Lisa Natale comes from a long line of entrepreneurs. Her grandfather was one of the original pizza makers in the North End, bringing some of the first Neapolitan-style pies to Boston. And her father operated Middlesex Glass out of a triple-decker on Medford Street in Somerville that also housed her family and her grandmother. Now Natale is opening her own business, Some.Yoga.Studio, in that very same house.
“I thought we lived in the best place on earth,” Natale said of growing up in Somerville. “Somerville was happiness to me.”
So it only made sense that after jettisoning a long career in finance, Natale would come home to open her a business of her own.
Natale was the first person in her family to graduate from college, paying her own way through Northeastern to earn a business degree. Her father told her that as a woman, she wouldn’t ever use it, but she went on to have a successful career in finance. Natale took the money she earned during the booming 1980s and invested in real estate. A bet that paid off big when she eventually sold the houses and used the money to buy a place on the Cape.
But when the financial markets collapsed, Natale was laid off like so many others.
“The market disappointed me and a lot of people,” Natale said. She began to question the world in which she’d been operating as she watched hard-working blue collar people, just like her parents, lose their houses.
Natale always had a passion for health and wellness after taking up running at 17 and yoga later on to complement her workouts. A self-proclaimed “sweat junkie,” she was hooked after just one class.
“It was more about the physical practice for me,” Natale said. “Then it starts to become about the mind, body, spirit. Now I’m hooked on all aspects.”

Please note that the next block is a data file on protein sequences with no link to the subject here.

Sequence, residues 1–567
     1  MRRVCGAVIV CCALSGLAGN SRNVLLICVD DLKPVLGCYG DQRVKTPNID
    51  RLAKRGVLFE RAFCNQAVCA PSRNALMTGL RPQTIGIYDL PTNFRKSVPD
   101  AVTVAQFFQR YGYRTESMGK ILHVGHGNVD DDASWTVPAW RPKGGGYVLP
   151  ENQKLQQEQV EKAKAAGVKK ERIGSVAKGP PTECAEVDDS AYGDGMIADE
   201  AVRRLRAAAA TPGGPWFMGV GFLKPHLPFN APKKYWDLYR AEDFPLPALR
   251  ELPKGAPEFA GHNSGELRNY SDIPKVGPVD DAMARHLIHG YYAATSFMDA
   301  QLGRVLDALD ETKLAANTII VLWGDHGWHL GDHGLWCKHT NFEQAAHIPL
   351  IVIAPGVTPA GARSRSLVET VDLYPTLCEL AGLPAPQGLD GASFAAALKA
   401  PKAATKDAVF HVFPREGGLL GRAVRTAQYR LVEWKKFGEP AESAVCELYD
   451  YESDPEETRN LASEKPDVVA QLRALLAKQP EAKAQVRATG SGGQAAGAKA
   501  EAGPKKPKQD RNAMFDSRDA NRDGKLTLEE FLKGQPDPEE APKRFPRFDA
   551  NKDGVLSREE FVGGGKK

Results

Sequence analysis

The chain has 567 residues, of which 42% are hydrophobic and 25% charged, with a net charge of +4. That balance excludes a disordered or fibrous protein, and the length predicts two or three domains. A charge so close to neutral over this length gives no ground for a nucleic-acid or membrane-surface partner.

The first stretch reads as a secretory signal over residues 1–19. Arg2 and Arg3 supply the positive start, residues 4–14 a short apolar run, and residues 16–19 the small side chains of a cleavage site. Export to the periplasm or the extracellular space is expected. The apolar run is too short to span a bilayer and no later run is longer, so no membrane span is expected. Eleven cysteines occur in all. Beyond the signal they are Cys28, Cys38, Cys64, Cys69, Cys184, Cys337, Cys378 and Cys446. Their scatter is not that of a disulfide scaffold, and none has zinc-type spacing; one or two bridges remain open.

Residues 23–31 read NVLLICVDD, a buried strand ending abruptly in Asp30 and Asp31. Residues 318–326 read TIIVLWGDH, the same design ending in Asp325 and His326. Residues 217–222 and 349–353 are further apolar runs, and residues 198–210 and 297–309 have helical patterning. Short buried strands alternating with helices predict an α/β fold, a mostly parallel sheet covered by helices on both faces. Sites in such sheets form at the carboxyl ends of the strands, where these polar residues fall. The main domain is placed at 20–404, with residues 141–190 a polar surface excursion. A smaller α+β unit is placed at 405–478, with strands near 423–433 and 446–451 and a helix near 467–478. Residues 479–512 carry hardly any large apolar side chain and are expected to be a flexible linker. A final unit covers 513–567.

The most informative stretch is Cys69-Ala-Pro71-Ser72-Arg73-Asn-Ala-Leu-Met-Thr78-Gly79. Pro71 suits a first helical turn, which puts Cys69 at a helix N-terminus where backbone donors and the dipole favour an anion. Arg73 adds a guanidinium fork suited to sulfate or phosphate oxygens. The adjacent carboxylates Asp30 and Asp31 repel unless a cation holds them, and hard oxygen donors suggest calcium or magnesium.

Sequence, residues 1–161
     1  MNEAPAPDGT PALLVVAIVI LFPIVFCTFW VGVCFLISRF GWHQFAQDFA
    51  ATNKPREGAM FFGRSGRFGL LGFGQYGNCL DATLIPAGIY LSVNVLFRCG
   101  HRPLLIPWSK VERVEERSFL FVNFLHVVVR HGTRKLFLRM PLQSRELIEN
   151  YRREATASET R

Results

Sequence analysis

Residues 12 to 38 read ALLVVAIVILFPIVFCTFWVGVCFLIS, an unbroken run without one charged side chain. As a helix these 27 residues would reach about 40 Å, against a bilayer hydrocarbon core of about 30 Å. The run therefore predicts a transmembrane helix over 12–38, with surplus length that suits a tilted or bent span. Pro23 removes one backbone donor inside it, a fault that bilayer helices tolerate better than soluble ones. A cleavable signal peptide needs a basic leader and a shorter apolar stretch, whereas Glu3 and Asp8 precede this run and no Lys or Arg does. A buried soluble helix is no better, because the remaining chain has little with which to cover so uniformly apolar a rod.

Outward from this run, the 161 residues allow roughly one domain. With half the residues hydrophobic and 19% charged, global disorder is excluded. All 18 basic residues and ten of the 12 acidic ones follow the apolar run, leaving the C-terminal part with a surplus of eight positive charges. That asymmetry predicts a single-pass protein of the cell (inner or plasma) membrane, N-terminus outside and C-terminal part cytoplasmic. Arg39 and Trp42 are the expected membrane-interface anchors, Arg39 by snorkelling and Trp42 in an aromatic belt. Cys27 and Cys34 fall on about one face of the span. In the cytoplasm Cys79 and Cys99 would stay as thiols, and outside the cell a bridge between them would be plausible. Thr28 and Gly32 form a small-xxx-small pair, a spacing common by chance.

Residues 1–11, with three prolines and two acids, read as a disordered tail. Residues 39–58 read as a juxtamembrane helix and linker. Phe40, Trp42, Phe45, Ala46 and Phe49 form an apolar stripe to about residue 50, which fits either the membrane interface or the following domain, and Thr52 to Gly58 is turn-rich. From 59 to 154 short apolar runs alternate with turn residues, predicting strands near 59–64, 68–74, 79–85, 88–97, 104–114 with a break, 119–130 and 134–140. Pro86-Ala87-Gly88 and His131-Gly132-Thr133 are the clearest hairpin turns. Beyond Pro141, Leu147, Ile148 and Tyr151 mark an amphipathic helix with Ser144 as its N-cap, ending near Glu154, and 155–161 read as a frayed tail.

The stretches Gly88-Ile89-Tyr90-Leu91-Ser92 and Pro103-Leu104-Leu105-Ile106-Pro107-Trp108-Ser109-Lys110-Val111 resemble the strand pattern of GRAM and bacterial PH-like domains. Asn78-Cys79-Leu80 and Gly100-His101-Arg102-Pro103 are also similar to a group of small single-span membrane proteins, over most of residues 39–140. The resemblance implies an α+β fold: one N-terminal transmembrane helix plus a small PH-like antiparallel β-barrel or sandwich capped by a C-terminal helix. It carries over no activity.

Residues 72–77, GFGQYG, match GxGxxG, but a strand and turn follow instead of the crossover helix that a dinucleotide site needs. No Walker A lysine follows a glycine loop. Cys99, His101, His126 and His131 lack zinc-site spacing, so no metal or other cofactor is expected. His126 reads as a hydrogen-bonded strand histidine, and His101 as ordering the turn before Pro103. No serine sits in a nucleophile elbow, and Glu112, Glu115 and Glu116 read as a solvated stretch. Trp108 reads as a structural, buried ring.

When she found herself without a job and deeply unsettled by what she saw happening in the financial industry, Natale knew she needed a change. So she headed to the Berkshires for yoga teacher training, which turned out to be quite the enlightening experience.
“It was eye-opening,” Natale said. “Meditation was the hardest part for me. After a month, I got it. Yoga’s like a cave that you’re exploring but it’s never-ending. It’s all good, it’s all positive.”
Around the same time, Natale purchased the Medford Street triple-decker from her grandmother. With a new craft and a space to practice, she decided to open Some.Yoga.Studio.
“That’s what I’m meant to be putting my energy into, helping people get fit,” Natale said. “I’m not going back to finance. I have the space. It’s time to take the leap.”
It took a few years to get Some.Yoga.Studio up and running because in the meantime, Natale’s focus shifted to her newborn son who’s now old enough to practice yoga with her. But after years of hard work, Some.Yoga.Studio is set to open its doors.
You can join Natale for a complimentary class and juice tasting this morning at 9:45 a.m. (RSVP). Starting next week, Some.Yoga.Studio (370 Medford St.) will be offering regular classes on weekday evenings and Saturday mornings. And on October 16, Some.Yoga.Studio will host its official grand opening with a free class at 6:30 p.m. followed by a party featuring raffles, refreshments and giveaways (RSVP).
Natale has worked hard to set Some.Yoga.Studio apart. When you take a class, you reserve your mat ahead of time and Natale gets it–as well as all the props you’ll need–set up before class begins. And the class sizes are kept small so everyone has enough space to practice.
“It’s a whole sensorial experience,” Natale said. “It’s the yoga studio that I wanted when I was a busy executive. You can take a deep breath, get on your mat and start to melt.”
In addition to regular vinyasa classes that will be suitable for both beginners and more advanced practitioners, Some.Yoga.Studio will have a focus on family and kid yoga.
“It’s amazing what they learn and retain and integrate into their lives,” Natale said. “And I learn so much from the kids.”
Knowing that many people dread exercising, Natale has set out to make Some.Yoga.Studio a pleasant place where people want to return.
“I want it to be a place people think of as a positive experience,” Natale said. “It’s a gift you give to yourself. It’s your yoga ultimately.”
Images courtesy of Some.Yoga.Studio.